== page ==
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News: Associations News

What step-change is needed to be up-to-speed with Equality, Diversity and Inclusion (EDI)?

05 February 2018   (0 Comments)
Posted by: Katie Spackman
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In this article, Roy Gluckman shares the steps that he takes when he is asked to review EDI in an organisation.

The steps below, seek to entrench EDI principles within an organisation. These principles prepare an organisation with a robustness to capitalise on growth opportunities and to create more space for innovation. Outside of the organisation, principles of EDI encourage better humanity. They challenge our inherited biases and ask us to introspect and grow our capacity for empathy and compassion for “the other”.

Step One: Awareness

Step one, Awareness, is the conceptual understanding that there is no such thing as being “up-to-speed” with EDI. As organisations, and as individuals, we need to firmly root in our consciousness, that EDI is a constantly moving target. In a world that is constantly ebbing and flowing, the fixation on an end point for something as fluid as EDI is a fallacy.

Instead, we need to grow the awareness that EDI is a skill set! An attitude and outlook to change, that needs constant practice. When we come to the awareness that EDI is not an end point, and that we will never be “up-to-speed”, we relieve the anxiety, the shame and the fear associated with EDI progress and focus instead, on developing our skill set as leaders for change.

Step Two: Acknowledgment

Just because there is no end point, however, does not mean that we must do nothing. From the conceptual awareness above, we move to step two, Acknowledgment. This step calls for the practical acknowledgment that, within our organisations, we either have EDI issues that have not been dealt with, or that we see EDI as a peripheral goal and not an opportunity for growth. It is a moment for organisations to pause and reflect. It is a critical moment; a moment of non-judgment and bravery.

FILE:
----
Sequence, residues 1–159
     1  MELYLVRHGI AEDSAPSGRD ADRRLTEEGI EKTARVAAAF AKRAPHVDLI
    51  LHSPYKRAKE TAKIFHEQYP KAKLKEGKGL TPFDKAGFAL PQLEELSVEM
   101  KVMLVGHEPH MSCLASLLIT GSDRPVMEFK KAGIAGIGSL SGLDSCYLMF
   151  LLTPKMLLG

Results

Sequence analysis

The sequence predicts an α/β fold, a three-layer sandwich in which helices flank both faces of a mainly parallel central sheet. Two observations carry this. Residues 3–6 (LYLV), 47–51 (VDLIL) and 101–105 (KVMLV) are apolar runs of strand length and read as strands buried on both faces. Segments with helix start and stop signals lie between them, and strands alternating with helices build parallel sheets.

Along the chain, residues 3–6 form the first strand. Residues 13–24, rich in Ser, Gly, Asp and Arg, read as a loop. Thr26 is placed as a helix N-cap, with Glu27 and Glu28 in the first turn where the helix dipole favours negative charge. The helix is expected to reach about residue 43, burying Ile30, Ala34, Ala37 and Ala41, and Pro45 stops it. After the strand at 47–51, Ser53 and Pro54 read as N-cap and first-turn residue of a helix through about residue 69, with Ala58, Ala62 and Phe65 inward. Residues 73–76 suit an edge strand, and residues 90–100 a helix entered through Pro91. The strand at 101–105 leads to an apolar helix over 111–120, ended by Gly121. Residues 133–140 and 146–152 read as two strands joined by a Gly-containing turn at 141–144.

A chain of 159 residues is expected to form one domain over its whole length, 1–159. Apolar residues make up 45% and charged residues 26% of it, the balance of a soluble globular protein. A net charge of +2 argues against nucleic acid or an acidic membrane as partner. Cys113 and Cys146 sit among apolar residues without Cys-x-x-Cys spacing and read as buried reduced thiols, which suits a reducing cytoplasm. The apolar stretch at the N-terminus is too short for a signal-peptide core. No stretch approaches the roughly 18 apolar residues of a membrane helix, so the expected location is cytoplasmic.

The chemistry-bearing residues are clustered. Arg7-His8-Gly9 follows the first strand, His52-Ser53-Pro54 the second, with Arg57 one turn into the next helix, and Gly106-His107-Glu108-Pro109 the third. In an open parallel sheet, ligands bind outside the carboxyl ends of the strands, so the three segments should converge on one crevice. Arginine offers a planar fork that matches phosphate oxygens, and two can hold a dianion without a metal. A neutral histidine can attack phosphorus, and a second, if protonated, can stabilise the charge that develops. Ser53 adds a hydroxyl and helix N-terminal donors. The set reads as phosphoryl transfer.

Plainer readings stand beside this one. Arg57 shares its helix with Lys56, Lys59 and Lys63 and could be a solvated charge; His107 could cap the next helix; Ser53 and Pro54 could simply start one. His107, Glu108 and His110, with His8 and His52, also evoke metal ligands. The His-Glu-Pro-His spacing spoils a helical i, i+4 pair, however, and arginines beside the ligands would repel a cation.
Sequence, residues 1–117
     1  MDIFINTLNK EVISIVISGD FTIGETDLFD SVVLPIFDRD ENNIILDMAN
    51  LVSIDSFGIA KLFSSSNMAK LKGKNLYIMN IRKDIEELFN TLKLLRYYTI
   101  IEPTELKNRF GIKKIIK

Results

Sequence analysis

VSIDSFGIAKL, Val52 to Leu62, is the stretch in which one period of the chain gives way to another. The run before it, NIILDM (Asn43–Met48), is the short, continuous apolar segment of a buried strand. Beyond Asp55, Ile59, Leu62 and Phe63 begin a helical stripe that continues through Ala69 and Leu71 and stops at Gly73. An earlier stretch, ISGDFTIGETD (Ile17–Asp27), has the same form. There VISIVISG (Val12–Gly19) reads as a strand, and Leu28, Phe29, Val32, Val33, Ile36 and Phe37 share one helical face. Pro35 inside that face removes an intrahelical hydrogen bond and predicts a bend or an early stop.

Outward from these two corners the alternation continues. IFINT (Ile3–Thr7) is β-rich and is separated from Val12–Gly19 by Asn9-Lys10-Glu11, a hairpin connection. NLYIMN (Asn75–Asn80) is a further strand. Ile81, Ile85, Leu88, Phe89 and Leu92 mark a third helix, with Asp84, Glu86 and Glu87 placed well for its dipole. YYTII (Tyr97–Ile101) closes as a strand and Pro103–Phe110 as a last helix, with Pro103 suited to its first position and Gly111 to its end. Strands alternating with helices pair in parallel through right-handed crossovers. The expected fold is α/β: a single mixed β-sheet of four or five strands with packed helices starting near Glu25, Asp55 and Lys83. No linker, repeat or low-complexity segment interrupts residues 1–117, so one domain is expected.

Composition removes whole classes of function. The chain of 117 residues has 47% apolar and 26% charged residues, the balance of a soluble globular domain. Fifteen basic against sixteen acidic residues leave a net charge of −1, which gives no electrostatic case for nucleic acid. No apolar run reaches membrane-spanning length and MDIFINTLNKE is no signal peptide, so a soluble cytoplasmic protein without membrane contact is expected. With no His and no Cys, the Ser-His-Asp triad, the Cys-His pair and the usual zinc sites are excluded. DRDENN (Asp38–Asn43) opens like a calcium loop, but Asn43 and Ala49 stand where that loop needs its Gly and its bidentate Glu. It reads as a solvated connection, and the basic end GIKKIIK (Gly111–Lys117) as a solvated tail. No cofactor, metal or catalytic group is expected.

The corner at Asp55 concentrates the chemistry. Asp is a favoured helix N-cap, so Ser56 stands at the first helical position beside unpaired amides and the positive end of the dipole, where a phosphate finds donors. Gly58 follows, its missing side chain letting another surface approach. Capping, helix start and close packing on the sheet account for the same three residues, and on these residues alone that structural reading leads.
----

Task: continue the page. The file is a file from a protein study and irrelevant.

Step Three: Assessment

Once we have acknowledged the EDI issues that we are not dealing with, or that EDI is not even on our radar, we can move to step three, Assessment. In this stage we embark on a journey of diagnosis: what are the EDI issues, or the barriers to EDI within our organisations. Focus groups, one-on-ones and EDI surveys are the main tools I use to assess the EDI issues and barriers. The insights from these assessments are then analysed and used to build recommendations that support organisational growth, productivity and innovation.

Step Four: Action

With the above assessment, we now move to step four, Action. The EDI methodology I have developed, is the Talking, Doing and Supporting (TDS) model. This model empowers us to treat the personal and systemic barriers to EDI - both vitally important for the creation of an inclusive working environment. Amongst other things, “Talking” encompasses D&I training for members, general staff, leadership and HR, and sees us working on the personal barriers individuals hold toward EDI. “Doing” sees us involved in the reviewing of policies and processes (recruitment, retention, membership structure etc) and conducting further research internally for us to build more tailored interventions. This component treats the systemic barriers to EDI. “Supporting” assists in treating both the personal and systemic barriers and sees us setting up structures that support the EDI objectives. “Supporting” includes selecting and training EDI Champions, developing EDI initiatives, events and programmes and setting up EDI Affinity groups (employee/membership networks).

Step Five: Repeat

EDI is an ever-moving target. As such, we need to remain robust and continuous in our EDI endeavours. Measurement is essential. Feedback is essential. Redesign is essential. Continuity is essential. Progress is guaranteed.

Hear more

You can hear more about EDI at the Associations World Congress at my keynote presentation on Tuesday, 13 March.


Author:  Roy Gluckman, Cohesion Collective

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